The cardiac effects of subclinical hypothyroidism (SCH i.e. increased circulating TSH with normal T4) have been documented. While overt hypothyroidism causes increased central arterial stiffness (CAS) and augmentation gradient (AI) 1, there are only limited data in SCH. We have measured CAS, AG and augmentation Index (AI) (AG/Pulse pressure x 100) in patients with SCH before and after L-thyroxine (synthroid) therapy.
Peripheral pulse pressure waveforms were studied non-invasively using pulse wave analysis (PWA) with a pencil shaped tonometer applied to the radial artery in 23 females with SCH (ethical committee approval obtained) by applanation tonometry (sphygmocor). PWA was measured at 0,6,12 and 24 weeks and incremental doses of Synthroid were given after each measurement.
Mean age of patients at recruitment was 50.8 plus/minus 4.1yrs, mean FT4 concentration 12.9 plus/minus 0.22 pico mols per litre [NR 9.8-23.1 pico mols per litre].Median TSH was 7.75 milliunits per litre, range 5.7-21.64 milliunits per litre [NR up to 5.5 milliunits per litre]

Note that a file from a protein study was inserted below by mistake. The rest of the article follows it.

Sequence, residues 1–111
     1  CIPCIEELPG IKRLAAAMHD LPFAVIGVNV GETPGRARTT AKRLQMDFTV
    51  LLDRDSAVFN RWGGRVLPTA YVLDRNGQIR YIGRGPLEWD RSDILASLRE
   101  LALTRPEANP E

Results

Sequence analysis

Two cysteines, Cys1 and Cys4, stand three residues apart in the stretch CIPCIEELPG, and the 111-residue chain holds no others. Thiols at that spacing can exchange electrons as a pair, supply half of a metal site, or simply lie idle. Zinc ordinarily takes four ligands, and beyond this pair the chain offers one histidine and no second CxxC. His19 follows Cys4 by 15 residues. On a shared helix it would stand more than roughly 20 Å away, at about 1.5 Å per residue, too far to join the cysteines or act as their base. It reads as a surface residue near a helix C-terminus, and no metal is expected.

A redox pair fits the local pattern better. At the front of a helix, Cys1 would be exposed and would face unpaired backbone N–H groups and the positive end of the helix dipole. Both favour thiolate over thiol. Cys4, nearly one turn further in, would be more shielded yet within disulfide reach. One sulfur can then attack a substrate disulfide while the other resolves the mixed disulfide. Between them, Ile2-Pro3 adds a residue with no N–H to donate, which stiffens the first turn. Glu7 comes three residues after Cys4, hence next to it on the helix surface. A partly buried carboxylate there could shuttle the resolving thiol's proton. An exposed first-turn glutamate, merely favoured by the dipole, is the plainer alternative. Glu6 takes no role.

In 11 patients (all TPO Antibody positive) after 6 months of Synthroid therapy (mean dose 107 micrograms) the median TSH fell from 8.2 to 1.1 milliunits per litre (p<0.01) and the mean FT4 concentration rose from 12.9 to 20.6 pico mols per litre (p<0.01) accompanied by a significant fall in AI (AG /PP x 100) from 28.7% to 23.5% (p<0.02)
SCH is associated with an increase in arterial stiffness and central arterial pressure compared to control values. The improvement in AI following T4 therapy underpins the pathophysiological evidence for T4 treatment in SCH even with values between 5.5 and 10 millimols per litre.
Ref 1:Obuobie K et al, Increased Central Arterial Stiffness in Hypothyroidism, The
Journal of Clinical Endocrinology and Metabolism.87: 4662-4666,2003
22 - 24 Mar 2004
British Endocrine Societies